I never really thought of Shamrock Shakes as sexy, but daaamn–this is a guy’s gourmand done right.
A milky mint confection spiked with orange flavored gin–(Tanqueray Flor de Sevilla is a pretty nice one)–that elevates it out of after school detours for fast food and into high end pastry shops with a liquor license.
Lolita Lempicka’s trademark syrupy-yet-powdery vanilla musk, here turned into sweet green teasing shadows, drifts in and out of intimate space all day, whispering invitations to drinks and dessert. Yum.
This guy is fun, jeans and a whimsical graphic tee with nice shoes–he can tell a great joke without punching down, knows good drink recipes, and flirts with just his eyes.
Quick pink pepper and slice of pear, with a pinch of spice at the beginning, then an earthy–almost oily–masculine woody rose blooms in personal space for half the day. Drifts down to the skin with more woods and fluffy fiber notes–the way a new skein of silk mohair yarn smells, a bit musky and animalic, and so, so soft–for a few more hours.
Lighthearted, affordable and a nice change from the ginger-lavender-vanilla mash-ups that are everywhere right now.
Our little girl smells faintly of flea drops and raw silk, but I get it.
Demeter Kitten Fur opens with new cat carrier plastics, and a metallic cage clang that is soon overtaken by musky vanilla lactones that should not be smelled up close–like back away from that with your tail puffed up–except that it’s sort of interesting in a weirdly cute way. Lasts at least two hours, and finishes with powdery Cashmere Mist on the skin.
Not for me, but I understand the appeal. I’d love to see a Zoologist version of this–some civet or black currant bud would give it claws.
Sheer lily, sweet floral with an undercurrent of earthy spice, held in place with light patchouli and some pale musk. At a distance the flowers are lovely, but an up-close sniff turns it into car air freshener for a while. I like the coriander and clove drydown on the skin, after the synthetics fade.
The company has moved their fragrance production toward room scents and candles–I think that’s a good direction for them.
I went down the Google-hole looking for current pop music in Shanghai right now, and fell hard for the modern-hits-traditional vibe of this one. (Google translates the title as “I walked through the lonely long river in Mobei and the sun sets,” but Encore lists it as Xiao – “Rivers and Lakes.”)
Another citrus-coconut-floral for barefoot surf dodging–
A soft bergamot opening, with that squeeze of lemon juice to lighten the hair in the sun, then coconut creme sun lotion and sweet tropical flowers carried at arms length, ending in a sheer driftwood musk that melts to the skin after a few hours.
Joy opens bright, rose and tuberose made extra sweet and loud with ylang-ylang. Jasmine soon blooms, indolic and spring green with rosebuds that slowly ripen then turn almost spicy and dry down to sandalwood. Musk with a hint of cat purrs at the bottom, keeping it from being too pristine.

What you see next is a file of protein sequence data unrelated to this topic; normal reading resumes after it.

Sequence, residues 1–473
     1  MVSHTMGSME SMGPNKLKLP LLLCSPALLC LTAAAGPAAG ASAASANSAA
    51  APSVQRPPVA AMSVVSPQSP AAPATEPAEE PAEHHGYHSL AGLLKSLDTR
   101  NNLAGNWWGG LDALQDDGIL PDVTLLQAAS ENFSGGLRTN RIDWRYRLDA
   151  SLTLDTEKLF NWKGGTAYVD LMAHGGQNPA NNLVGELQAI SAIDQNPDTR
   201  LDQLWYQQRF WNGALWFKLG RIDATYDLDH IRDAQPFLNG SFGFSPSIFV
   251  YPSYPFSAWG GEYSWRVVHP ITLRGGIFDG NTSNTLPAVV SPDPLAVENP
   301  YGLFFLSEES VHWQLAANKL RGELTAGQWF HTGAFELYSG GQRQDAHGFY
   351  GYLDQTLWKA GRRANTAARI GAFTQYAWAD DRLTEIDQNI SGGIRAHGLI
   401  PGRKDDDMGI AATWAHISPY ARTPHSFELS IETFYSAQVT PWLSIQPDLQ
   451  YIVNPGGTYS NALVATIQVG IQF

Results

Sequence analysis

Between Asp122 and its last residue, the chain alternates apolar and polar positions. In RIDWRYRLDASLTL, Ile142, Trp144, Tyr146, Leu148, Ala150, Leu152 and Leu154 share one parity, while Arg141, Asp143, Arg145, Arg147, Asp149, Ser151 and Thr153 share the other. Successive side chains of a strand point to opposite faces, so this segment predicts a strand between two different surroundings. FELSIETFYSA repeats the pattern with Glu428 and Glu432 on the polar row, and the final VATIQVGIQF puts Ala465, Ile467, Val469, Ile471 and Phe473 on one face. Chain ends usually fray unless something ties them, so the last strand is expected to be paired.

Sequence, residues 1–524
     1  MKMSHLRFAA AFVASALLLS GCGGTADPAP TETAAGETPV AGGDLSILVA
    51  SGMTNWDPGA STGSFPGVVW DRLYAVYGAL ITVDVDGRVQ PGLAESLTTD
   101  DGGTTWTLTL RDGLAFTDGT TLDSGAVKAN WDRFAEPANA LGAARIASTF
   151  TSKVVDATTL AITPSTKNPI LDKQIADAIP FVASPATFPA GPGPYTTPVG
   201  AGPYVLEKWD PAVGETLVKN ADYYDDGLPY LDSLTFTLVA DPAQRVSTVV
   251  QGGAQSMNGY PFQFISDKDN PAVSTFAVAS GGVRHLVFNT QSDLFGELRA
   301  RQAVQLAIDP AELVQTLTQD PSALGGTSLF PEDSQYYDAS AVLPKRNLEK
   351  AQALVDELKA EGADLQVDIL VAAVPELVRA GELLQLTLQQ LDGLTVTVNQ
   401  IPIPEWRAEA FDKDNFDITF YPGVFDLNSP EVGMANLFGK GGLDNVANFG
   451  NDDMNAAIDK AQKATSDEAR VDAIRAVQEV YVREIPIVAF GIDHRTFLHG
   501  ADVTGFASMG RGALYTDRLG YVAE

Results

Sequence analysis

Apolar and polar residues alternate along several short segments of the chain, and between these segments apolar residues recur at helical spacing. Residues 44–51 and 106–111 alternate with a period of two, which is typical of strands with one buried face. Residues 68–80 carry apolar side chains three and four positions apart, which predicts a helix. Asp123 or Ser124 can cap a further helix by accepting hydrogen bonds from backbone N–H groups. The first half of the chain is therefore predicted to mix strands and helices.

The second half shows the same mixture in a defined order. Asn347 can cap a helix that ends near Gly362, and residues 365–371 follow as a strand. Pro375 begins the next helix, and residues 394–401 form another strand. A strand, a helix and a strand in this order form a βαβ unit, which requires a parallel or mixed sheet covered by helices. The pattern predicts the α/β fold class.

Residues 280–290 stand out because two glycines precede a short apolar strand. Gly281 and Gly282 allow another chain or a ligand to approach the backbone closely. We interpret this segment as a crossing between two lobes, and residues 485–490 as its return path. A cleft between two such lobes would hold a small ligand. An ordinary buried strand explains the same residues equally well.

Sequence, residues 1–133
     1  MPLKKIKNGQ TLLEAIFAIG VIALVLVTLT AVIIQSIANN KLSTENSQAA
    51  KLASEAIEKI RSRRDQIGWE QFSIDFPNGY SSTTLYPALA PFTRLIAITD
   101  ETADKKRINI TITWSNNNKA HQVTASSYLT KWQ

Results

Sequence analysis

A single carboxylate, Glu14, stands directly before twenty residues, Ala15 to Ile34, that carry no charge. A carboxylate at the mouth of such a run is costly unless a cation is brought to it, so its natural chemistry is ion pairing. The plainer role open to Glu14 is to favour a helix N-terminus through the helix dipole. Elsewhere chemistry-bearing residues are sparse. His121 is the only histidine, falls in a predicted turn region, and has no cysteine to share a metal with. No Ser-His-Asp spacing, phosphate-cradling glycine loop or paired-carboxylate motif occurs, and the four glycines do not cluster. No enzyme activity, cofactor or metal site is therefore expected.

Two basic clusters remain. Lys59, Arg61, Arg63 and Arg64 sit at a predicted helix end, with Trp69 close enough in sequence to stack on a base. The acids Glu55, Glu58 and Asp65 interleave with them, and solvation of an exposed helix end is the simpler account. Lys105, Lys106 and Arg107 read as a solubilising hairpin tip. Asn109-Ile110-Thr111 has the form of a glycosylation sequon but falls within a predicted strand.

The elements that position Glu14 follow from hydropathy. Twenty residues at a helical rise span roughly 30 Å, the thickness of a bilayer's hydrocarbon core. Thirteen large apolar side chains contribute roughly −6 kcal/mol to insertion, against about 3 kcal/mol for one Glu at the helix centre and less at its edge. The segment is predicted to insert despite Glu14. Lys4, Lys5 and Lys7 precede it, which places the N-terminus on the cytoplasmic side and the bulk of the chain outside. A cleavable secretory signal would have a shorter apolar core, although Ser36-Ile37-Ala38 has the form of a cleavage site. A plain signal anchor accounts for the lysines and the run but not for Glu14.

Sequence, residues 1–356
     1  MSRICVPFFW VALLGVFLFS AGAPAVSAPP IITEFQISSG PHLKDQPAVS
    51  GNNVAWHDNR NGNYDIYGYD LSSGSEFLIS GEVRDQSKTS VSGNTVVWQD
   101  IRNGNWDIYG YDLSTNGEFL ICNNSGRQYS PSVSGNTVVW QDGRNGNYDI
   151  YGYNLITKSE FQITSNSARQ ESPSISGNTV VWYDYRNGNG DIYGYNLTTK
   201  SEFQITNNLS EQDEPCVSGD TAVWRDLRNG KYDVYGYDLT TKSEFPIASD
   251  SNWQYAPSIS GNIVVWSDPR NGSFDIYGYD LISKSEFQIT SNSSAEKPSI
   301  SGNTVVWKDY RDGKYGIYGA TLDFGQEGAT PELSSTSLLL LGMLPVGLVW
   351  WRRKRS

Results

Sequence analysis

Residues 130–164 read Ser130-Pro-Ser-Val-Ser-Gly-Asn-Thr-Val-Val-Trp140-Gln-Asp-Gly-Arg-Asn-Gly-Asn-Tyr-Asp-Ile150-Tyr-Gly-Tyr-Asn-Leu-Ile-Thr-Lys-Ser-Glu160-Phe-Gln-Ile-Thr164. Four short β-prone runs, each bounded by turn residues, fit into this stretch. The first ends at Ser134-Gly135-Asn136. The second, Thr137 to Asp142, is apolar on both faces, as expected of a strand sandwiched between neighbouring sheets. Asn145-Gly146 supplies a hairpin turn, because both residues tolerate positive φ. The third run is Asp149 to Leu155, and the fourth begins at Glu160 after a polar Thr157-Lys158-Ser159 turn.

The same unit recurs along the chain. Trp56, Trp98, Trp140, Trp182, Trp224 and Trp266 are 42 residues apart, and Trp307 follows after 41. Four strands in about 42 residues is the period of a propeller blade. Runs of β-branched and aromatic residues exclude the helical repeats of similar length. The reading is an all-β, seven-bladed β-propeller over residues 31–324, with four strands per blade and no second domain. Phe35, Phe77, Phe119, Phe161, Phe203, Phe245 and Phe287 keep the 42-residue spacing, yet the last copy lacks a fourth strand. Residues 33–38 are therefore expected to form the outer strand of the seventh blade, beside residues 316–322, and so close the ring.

There’s really no way to explain how perfectly blended the bouquet of flowers is, yet every single element is so distinct–the way a Matisse painting comes together perfectly, the way a string quartet becomes more than the sum of the strings–gestalt theory produced in perfume.
I still have the bottle I bought in Paris when I was sixteen, but I never wear it–I feel like I’m putting on airs (farting above my ass–to use a French idiom) or playing dress up in clothes I’m not woman enough to pull off.
Joy came out in 1930. The next year Josephine Baker released the record that made the world pay attention to more than her banana skirt.
Ciel seems to be trying to compose solar and aquatic vibes out of flowers–sun-showers, maybe?
Opens slightly spicy and green, and soon turns watery but oddly creamy, with a lot of jasmine. Then the bottom makes it really weird, soapy woods-musk, with some Amouage brand incense muddled in, polluting the whole sky with floral acid rain.
Fruity wine with floral musk underneath. The berries open strong and fun, but the orchid is too sheer, like its made of silk and chemical dyes. The musk on the bottom is delicate but loud–a bit shrill, to me.
Shanghai Tang is an amazing fashion house out of Hong Kong, with cross-cultural designs that lean kitschy in the best way. The founder, Sir David Tang, was a fascinating guy–he was a philanthropist, socialite, business magnate, English professor, and newspaper columnist. His granddaughter runs the company now.
AGA is a Cantopop star from Hong Kong. This one is off her latest album So Called Love Songs.
Opens with loud fecal spice, like something large and furry shat cardamom pods in your personal space. Just as your eyes start to water in protest, the cedar tamps down the fumes with some nice florals, and then the softest powdery musk takes over. The orris root makes this brilliant–not like Lolita Lempicka’s pulverized violet candy–more fae monarchy walking in the forest, raising sugary pollen that glitters in the sun.
The base woods stay sweet on the on the skin for half the day, with the musk trailing a foot above.
Unisex. Leans delicate, after the feral beginning.